Tiki Palooza Seattle

Still catching up on the backlog of posts from mid-March but didn’t want to go without mentioning Tiki Palooza that was held a few weeks back in Seattle.

Tiki Palooza Mai Tais with Jason Craig

This event was hosted at Tim’s Tavern and started with a small tiki marketplace under the tavern’s covered patio area and some tiki drinks were served out of the adjacent trailer bar. The Tikipalooza Mai Tai was what it was, though I really enjoyed the Singapore Fling. We got to hang out in the marketplace with Andy Nazzal of Tiki Joe’s Ocean fame and bought the new CD single “Two Voyages.” Great exotica music if you haven’t heard. There was also a vendor selling Tiki Palooza swizzles.

Stephen Curran

The event transitioned indoors where Stephen Curran did a presentation about his travels to Papua New Guinea. This allowed attendees to order food or more drinks from inside the tavern, and Stephen’s presentation was top-notch with some great cultural details. With so much PNG artwork in so many tiki bars, it really was a treat to learn more about the people of the region.

The event then transitioned back to the patio for a paid/wristband entry for some live music from Tropical Itch and the Tikigraphs. The patio was in full swing, despite the cold and rainy weather, thanks to some heaters and the crowd that was filled with aloha. The bands sounded great and were very entertaining.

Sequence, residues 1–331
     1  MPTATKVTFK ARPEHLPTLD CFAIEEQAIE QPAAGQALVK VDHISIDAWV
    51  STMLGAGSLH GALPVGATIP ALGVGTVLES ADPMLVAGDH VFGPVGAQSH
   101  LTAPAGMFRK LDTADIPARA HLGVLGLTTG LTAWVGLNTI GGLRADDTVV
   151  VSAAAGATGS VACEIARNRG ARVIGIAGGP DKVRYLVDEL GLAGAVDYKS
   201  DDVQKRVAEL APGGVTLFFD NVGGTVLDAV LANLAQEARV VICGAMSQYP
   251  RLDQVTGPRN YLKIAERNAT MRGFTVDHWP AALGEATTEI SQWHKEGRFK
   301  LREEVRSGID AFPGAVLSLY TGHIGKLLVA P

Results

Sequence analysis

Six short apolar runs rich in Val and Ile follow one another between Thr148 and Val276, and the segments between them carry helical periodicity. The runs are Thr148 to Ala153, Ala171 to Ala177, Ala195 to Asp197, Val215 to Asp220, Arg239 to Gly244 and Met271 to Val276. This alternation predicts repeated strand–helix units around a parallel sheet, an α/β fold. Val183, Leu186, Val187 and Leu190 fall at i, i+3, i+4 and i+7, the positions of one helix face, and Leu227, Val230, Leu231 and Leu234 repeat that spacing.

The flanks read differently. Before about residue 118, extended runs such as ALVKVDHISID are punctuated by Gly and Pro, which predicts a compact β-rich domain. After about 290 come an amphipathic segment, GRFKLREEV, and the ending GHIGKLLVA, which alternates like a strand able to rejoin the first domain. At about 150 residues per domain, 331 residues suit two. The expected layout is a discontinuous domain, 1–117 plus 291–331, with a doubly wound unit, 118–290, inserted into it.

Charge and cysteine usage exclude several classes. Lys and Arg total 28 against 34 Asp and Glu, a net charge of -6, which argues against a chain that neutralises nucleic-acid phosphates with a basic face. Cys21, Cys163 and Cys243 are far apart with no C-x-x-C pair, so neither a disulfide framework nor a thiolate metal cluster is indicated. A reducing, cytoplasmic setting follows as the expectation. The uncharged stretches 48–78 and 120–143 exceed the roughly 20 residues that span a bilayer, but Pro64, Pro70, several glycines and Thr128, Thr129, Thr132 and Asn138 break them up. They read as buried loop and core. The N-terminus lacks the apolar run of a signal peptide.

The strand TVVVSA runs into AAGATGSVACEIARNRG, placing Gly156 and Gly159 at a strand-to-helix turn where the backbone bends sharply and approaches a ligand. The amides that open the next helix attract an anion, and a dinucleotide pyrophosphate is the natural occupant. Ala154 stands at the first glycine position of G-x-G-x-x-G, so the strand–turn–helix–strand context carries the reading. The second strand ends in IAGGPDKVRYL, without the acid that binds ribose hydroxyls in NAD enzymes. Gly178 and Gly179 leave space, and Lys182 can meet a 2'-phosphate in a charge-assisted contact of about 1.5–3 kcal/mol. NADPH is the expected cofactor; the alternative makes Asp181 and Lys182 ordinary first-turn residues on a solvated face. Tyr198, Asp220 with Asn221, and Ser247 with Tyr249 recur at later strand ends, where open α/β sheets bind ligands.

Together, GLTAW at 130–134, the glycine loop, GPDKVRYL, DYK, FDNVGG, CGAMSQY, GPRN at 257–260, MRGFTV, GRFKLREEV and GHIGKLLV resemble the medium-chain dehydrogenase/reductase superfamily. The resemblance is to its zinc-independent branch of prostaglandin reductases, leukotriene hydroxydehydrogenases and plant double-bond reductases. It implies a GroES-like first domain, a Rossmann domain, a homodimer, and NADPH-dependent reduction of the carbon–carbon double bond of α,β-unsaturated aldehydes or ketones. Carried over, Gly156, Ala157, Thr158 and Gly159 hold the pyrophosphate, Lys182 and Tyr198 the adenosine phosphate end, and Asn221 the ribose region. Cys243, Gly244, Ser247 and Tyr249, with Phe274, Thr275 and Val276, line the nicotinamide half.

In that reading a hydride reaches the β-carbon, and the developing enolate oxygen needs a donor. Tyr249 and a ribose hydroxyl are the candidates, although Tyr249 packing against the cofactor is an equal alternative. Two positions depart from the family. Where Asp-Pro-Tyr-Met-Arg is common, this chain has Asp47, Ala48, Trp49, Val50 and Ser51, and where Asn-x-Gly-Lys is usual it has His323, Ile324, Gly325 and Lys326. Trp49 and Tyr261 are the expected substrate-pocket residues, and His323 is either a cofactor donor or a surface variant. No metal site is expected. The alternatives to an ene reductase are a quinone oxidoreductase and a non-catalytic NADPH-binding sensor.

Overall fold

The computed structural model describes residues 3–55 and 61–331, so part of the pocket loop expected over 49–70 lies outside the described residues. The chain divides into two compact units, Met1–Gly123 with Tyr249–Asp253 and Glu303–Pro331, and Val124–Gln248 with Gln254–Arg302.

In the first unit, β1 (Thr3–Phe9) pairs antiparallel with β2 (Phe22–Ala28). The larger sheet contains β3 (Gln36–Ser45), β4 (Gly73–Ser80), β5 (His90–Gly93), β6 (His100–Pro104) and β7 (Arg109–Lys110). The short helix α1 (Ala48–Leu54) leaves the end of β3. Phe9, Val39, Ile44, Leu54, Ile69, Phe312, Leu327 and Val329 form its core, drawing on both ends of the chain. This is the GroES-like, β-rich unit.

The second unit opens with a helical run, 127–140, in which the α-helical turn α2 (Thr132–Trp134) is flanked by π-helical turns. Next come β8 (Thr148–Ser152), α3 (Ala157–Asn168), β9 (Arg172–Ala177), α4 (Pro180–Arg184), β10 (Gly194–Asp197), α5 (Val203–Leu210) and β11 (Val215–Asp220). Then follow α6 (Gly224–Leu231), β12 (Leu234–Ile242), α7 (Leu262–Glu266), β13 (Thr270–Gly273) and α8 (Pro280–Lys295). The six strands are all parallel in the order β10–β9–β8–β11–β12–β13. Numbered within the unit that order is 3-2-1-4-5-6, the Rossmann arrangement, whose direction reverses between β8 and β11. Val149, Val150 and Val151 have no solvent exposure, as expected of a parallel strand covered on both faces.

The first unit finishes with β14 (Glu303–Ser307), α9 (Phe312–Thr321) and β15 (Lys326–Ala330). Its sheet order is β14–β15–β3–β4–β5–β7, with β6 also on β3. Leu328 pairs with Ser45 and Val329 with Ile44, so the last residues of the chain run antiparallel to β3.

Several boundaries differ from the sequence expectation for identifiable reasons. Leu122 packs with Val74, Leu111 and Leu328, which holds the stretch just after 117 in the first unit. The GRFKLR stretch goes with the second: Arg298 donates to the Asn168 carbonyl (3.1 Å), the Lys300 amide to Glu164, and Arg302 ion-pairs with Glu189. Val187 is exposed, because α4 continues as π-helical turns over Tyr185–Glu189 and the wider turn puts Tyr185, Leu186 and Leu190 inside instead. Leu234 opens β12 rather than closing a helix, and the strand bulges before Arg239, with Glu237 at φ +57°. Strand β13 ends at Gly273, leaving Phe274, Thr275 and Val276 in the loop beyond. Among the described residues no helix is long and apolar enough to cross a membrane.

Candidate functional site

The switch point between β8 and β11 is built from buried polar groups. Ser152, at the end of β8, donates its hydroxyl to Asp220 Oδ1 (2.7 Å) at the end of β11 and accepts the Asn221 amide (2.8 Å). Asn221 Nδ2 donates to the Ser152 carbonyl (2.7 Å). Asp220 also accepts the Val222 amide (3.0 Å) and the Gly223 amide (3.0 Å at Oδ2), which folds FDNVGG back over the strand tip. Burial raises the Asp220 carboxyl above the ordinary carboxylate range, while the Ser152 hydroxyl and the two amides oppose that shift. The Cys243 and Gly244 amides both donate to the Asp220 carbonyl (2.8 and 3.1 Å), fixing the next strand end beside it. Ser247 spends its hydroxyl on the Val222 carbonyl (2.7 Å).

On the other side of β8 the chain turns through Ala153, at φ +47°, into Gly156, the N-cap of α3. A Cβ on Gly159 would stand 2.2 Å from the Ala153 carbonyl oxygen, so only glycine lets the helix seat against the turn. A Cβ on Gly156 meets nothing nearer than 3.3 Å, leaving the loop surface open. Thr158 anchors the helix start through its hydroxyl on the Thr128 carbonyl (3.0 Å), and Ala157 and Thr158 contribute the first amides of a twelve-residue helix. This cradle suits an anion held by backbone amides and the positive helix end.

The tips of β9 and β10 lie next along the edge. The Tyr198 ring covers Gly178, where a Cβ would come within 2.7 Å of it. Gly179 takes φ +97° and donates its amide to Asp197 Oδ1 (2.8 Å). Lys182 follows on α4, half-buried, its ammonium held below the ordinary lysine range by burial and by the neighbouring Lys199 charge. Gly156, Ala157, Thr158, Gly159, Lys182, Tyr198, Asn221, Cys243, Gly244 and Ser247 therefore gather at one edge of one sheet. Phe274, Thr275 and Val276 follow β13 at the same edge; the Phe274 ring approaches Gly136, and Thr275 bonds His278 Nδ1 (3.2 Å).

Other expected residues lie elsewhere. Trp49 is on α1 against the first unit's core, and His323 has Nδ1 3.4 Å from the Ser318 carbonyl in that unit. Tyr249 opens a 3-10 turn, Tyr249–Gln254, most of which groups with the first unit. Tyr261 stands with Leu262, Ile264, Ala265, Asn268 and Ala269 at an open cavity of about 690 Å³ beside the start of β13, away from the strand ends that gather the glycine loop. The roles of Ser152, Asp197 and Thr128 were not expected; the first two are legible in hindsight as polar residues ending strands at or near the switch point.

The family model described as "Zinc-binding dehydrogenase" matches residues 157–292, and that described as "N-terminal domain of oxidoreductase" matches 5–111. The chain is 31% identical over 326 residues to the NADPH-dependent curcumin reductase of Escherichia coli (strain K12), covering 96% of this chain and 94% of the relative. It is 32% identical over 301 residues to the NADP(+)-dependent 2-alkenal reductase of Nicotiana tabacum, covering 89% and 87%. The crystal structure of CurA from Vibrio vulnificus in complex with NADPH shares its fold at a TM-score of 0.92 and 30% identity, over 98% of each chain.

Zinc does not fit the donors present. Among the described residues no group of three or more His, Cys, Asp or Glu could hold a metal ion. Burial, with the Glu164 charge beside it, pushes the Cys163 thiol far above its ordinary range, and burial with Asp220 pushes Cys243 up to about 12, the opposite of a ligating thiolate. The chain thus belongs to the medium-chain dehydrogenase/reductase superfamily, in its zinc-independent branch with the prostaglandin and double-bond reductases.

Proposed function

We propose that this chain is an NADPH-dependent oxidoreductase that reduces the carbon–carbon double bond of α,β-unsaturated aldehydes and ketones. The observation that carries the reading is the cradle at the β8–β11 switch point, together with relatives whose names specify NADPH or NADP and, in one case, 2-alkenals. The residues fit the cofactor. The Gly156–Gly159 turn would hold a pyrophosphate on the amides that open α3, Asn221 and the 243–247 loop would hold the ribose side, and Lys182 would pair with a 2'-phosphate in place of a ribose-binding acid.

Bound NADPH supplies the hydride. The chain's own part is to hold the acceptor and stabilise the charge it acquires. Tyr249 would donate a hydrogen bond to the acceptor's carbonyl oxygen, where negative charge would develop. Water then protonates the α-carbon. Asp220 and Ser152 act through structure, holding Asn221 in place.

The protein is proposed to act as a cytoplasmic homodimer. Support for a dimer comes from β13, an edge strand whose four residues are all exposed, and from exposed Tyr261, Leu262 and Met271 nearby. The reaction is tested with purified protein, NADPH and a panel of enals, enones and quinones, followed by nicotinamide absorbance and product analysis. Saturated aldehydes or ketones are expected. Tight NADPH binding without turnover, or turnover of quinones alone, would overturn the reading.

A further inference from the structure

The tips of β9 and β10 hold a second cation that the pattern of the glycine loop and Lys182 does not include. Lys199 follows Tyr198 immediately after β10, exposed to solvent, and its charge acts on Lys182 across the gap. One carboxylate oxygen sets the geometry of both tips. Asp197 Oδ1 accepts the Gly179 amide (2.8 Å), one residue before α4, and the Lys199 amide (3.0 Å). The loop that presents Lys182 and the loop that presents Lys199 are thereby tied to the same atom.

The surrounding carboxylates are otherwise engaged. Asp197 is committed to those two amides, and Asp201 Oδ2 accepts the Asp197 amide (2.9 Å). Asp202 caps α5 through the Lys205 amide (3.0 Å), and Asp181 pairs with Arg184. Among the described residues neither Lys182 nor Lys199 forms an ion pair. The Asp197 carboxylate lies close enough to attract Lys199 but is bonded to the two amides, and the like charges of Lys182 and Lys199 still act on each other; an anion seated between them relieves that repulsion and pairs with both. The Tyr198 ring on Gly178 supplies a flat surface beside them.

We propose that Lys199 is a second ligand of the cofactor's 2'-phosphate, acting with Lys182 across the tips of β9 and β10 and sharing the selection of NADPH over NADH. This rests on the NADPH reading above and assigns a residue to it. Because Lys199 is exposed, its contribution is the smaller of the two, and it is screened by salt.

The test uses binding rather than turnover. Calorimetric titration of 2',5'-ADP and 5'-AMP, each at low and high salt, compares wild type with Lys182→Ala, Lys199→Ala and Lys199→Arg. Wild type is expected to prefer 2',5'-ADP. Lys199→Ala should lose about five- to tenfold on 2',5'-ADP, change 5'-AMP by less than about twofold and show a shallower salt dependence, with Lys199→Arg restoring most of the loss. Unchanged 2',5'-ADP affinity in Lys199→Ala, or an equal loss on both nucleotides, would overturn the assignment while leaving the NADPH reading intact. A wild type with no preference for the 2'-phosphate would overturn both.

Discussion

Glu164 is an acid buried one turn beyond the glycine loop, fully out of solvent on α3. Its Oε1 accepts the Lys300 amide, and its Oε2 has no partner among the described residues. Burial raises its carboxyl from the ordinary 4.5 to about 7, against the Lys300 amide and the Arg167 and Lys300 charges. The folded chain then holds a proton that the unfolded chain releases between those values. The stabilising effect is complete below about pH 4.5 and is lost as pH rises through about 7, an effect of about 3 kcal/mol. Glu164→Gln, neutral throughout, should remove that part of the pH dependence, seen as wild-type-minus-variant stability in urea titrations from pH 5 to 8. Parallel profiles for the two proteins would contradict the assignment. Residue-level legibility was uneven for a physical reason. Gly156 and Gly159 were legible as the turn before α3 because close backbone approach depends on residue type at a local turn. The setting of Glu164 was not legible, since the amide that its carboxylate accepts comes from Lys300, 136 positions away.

I lucked into being in town for this event, and it was modest in scale but was a really nice event for the Seattle crowd and a few interlopers like me.

Andy from Tiki Joe’s Ocean

The Exotic Sounds: The Very Best of Martin Denny

This Japanese compilation was issued on CD in 1991, and I found it at an antique store in Sacramento for $8 and picked it up immediately. Though the case is clipped, the CD is in great shape and the booklet is too – apart from nearly all of the writing being in Japanese!

I’ve been looking for this one for a long time, and it includes four tracks I don’t have on any of the other CD or digital reissues of Denny’s material. In fact, I’d say this 74 minute album is actually a pretty comprehensive collection that spans most of Denny’s 1950s-1960s output. The strongest material comes from Denny’s murderer’s row of 1950’s albums that ended with The Enchanted Sea, of course. But some of the 1960s tracks are quite good and representative of Denny’s later material, including “Blue Paradise” from 1962’s Romantica and “Indrani” from 1968’s A Taste of India. The version of “Black Orchid” is a live version that sounds great.